Sat | Aug 18, 2018

Commish urged to bridge gap between public and police

Published:Wednesday | April 19, 2017 | 12:00 AMJason Cross
New Police Commissioner George Quallo.

New police Commissioner George Quallo is being charged by one Jamaican to find ways to eradicate the division between the public and the police, in order to better facilitate information sharing.

"The trust within the police force break down. You can't trust a man fi tell [him] anything because tomorrow man a come kick off your door. You lock up one man, and him friend out deh a come back fi you," Al Williams, member of the public, told The Gleaner in downtown Kingston yesterday.

However, University of the West Indies psychology lecturer, Dr Christopher Charles, has rebutted the argument, stressing that the police were not short on information, but that members of the public chose not to show up to court to give testimony.

Describing the wide perception that people don't provide information because of fear as a myth, Charles said, "People give the police information all the time. The anti-informer culture is really a myth, because if you talk to the police, they get information all the time. The police are not short on information. What they can't get is people to come and testify."

He stressed, "What generally is the problem is that most Jamaicans don't want to enter the criminal justice system. Cases take long and you have to show up to court for how many years."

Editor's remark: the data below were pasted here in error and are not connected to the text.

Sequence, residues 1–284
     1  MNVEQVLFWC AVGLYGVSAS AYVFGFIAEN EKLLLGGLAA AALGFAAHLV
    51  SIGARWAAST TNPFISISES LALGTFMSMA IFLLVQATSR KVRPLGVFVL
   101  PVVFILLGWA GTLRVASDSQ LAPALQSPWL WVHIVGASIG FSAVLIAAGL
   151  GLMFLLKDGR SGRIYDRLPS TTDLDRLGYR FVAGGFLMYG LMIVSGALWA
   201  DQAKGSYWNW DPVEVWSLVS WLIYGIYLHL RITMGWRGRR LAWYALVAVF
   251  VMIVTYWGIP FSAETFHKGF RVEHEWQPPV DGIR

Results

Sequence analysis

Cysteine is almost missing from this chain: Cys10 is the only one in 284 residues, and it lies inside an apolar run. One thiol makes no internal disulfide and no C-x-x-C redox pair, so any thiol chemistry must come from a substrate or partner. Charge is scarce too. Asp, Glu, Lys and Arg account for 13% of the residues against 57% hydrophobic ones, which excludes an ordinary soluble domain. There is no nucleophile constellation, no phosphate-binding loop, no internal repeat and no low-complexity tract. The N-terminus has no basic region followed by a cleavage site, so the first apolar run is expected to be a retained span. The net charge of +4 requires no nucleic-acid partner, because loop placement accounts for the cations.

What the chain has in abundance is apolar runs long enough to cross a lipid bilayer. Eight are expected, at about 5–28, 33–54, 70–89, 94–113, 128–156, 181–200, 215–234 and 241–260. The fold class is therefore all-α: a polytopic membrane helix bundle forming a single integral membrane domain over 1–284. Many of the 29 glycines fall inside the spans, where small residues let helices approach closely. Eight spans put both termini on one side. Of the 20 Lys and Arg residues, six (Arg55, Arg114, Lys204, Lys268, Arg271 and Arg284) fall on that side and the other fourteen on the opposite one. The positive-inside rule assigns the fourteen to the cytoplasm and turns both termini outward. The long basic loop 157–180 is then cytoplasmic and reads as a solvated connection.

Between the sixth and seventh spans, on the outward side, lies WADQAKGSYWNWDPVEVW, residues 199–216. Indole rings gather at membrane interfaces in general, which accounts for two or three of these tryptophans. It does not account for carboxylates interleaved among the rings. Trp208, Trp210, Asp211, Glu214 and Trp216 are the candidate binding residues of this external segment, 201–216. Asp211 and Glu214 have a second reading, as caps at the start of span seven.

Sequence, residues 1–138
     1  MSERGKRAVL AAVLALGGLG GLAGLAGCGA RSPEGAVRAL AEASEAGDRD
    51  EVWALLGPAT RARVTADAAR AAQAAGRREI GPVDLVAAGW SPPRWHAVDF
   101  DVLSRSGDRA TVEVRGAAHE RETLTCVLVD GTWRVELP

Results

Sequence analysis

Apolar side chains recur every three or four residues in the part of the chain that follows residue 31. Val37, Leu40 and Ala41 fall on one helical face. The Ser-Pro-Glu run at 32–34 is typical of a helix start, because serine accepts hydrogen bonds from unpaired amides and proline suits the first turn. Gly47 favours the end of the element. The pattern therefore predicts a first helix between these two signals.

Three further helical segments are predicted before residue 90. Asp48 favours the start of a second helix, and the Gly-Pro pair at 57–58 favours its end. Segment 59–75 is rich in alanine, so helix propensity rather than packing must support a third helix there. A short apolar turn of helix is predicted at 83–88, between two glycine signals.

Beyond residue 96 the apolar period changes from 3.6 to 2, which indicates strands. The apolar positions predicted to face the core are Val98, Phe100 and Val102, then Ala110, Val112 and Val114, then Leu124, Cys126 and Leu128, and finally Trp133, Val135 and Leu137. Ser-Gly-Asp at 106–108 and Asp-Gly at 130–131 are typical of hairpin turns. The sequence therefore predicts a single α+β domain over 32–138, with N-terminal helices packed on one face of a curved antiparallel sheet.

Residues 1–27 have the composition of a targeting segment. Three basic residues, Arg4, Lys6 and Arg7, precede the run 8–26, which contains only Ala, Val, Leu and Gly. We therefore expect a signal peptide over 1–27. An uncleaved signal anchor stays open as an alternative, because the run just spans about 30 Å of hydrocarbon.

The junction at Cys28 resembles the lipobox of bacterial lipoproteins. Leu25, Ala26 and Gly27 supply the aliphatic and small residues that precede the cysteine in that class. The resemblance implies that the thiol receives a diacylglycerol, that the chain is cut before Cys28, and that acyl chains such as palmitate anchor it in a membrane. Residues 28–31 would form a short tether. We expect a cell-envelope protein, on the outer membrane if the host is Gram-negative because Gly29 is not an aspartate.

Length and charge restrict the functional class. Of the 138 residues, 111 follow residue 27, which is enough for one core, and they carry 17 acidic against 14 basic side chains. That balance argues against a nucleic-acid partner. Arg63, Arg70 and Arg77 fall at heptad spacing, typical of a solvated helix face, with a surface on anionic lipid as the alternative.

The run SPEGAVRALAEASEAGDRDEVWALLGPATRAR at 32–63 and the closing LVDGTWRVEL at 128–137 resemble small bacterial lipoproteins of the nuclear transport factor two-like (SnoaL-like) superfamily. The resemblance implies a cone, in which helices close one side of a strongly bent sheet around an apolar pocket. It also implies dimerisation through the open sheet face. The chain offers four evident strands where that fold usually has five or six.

Williams also wanted to appeal to the commissioner to deal with the issue of corruption within the Jamaica Constabulary Force.

"You affi scrutinise them (police) because nuff a dem inside deh really corrupt; the collecting of money and information leak, and so on. Politics have a way fi play out in Jamaican society when it comes on to crime. Just do the job. The man weh a suppress crime in an area, them move (transfer) them. For example, [Steve] McGregor was doing a fine job in MoBay and they moved him; a politics that," he said.

Quallo, who took office yesterday morning, was greeted by a number of his colleagues, after which he conducted a series of meetings with senior members of the force.